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19 April 2005: The House of Love - Rescue Rooms, Nottingham, England, UK

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As The House of Love took to the stage the entire audience stared at the stage in absolute silence in anticipation of something very special.

It’s very rare that you get complete crowd silence at a gig and I have only ever experienced it a couple of times (the Sundays very first live dates being the prime example) and the only reason for it is anticipation. You could feel it in the venue.

After fifteen years, longer if you count the absence of guitarist Terry Bickers, The House of Love is back and it’s shining.

Having not yet had a chance to buy the new album (a fact I seemed to share with what seemed to be a large proportion of the audience) the end of the first songs were greeted with appreciative, but not over-enthusiastic, applause. I had actually listened to the new album once via the House of Love Website and was very impressed and had some idea of the quality of the new stuff. But it was evident that much of the audience was there to see the legend, and hear the legendary older tracks.

The first couple of numbers were hampered by Guy Chadwick’s vocals not being loud enough, but once the sound engineer had sorted that out we were off on a perfect high.

Between songs Guy (who didn’t look a day older than the last time I’d seen him) chatted to the audience. At one time he declared that he used to live in Nottingham. In Chilwell. Not many people knew that.

Guy’s vocals were a revelation. I imagined that they would have changed over the years, but to my ears they sounded as perfect as the first time I heard them.

They kicked into some of the classics. We got "Christine", which shone like the beacon that it was on its release and "Beatles and the Stones".

We got "Safe", which I did not expect at all, but which made the night even better for me as it’s probably my favourite House of Love track (with "Loneliness is a Gun").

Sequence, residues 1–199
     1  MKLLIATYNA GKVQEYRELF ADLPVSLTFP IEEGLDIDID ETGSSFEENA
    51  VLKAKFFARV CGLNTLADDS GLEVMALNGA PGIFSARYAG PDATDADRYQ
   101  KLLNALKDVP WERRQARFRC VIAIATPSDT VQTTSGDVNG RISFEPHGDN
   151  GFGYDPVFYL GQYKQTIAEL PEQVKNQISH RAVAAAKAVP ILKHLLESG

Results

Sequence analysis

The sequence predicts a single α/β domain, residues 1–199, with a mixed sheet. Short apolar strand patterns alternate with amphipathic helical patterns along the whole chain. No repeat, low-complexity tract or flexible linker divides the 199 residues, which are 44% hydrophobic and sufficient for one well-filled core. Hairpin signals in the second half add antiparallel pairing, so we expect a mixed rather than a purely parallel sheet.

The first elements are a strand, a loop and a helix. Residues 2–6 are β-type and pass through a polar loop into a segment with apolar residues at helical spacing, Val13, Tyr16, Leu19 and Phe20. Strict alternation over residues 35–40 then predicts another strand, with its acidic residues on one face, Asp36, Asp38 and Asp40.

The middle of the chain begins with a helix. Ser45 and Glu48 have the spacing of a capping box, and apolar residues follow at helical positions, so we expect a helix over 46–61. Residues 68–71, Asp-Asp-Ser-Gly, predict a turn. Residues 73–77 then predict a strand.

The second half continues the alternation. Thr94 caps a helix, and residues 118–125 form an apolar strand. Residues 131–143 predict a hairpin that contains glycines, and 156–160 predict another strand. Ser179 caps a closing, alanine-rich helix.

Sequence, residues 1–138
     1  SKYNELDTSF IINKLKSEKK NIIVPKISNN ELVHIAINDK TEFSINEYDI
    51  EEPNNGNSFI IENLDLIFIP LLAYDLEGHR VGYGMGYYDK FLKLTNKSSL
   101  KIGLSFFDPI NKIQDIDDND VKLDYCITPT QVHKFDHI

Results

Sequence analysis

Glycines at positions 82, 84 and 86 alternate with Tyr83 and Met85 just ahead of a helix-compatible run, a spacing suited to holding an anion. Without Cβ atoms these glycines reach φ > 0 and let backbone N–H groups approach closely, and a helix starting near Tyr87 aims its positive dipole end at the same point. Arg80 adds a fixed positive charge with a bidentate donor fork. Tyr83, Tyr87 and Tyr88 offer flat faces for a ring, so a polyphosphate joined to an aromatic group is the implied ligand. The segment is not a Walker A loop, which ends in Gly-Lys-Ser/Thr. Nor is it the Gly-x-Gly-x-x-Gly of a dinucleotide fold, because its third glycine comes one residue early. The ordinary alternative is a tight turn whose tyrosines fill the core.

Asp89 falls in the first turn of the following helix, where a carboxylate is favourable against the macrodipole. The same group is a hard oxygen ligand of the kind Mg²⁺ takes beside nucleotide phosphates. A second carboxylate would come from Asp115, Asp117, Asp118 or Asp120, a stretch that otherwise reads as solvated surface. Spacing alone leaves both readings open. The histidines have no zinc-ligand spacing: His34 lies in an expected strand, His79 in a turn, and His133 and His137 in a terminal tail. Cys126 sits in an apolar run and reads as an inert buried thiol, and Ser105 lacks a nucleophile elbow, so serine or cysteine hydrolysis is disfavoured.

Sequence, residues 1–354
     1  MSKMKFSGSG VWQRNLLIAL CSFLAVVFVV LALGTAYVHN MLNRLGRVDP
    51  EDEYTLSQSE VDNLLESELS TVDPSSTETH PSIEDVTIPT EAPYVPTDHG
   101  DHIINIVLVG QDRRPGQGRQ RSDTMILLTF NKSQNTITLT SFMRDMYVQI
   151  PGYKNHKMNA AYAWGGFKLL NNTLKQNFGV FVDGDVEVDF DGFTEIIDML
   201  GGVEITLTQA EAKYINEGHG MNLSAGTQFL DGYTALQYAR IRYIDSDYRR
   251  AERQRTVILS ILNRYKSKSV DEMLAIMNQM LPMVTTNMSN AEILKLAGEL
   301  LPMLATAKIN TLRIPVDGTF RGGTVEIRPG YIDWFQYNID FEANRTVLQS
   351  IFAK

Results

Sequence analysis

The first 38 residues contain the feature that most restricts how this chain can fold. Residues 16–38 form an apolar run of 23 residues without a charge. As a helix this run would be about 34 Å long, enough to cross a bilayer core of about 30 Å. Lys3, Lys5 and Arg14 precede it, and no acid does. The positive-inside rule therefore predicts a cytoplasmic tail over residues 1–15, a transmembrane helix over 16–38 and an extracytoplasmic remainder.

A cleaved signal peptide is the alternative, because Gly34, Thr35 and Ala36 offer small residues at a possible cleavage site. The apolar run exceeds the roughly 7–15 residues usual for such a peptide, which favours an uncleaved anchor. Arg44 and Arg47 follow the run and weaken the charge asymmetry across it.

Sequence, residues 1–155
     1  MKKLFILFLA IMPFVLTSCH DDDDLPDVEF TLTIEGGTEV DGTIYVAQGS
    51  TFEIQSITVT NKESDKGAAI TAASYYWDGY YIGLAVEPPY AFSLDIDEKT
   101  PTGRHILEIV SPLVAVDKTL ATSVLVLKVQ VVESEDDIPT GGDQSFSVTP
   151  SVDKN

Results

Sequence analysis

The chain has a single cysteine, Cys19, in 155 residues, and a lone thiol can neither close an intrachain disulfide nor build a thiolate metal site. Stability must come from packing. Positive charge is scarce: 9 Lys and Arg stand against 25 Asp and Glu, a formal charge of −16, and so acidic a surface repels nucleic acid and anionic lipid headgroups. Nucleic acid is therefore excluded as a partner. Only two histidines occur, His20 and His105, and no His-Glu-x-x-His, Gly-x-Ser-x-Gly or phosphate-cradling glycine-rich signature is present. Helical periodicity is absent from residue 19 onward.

We also got "Love" (one of them), "Never", which rocked like a good one and loads more, including "Gotta be that way" off the new album, "Days run away". This new song in particular seemed to belong with the older stuff. Somewhere in the middle, I'm sure they played "Hope".

Then came the second period of absolute crowd silence. "Love In A Car" was massive tonight. It shone with the brilliance of a thousand suns. The crowd leaning into the stage to catch every perfect note picked out by the perfectly played guitars. Awesome. It could have moved you to tears.

And then they were gone.

And all of a sudden the crowd roared its approval. People screamed, people cheered, people stamped and people clapped, but most importantly people made it patently clear that they wanted more of The House of Love and they wanted it now.

They didn’t have long to wait. It all became a bit too much for me at this point but I think that the band came back and treated us to "Destroy the Heart", with the guitars forming a wall of shimmering sound that I defy anyone to dislike, with Bickers flying round the stage, and then something else and then they once again left the stage.

And then the Lady on the merchandise stall sat down, which is a sure sign that the show was over.

It wasn’t. They came back for more. People streamed back in through the exits and crowded to the front. "Salome" (I think) was gorgeous and was followed by "Shine On" which seemed like meeting an old friend again that you never knew had left town (amazingly, I didn’t hear one shout for "Shine On" all night).

They then played something that I didn’t recognise, but which was introduced by Guy as a "Country and Western song" and then left the stage once again to more cheering.

And the crowd stayed and called for more. But we weren’t getting it and slowly as the lights came up we made our way outside.

Talking to the Lady on the merchandise stall, they’d never done a second encore before. I asked her whether she thought that it had been a good gig and she replied that it was the best of the tour so far. Nottingham loves The House of Love – it’s official!

Tonight was a very special night.

It was the night that proved that good music always stands the test of time and it was the night that many people never thought they would see.

The House of Love are back, with shimmering, shining guitars the like of which I thought I would never hear live again.

It doesn’t get more special than this!


The views expressed in these reviews do not necessarily reflect those of the team.

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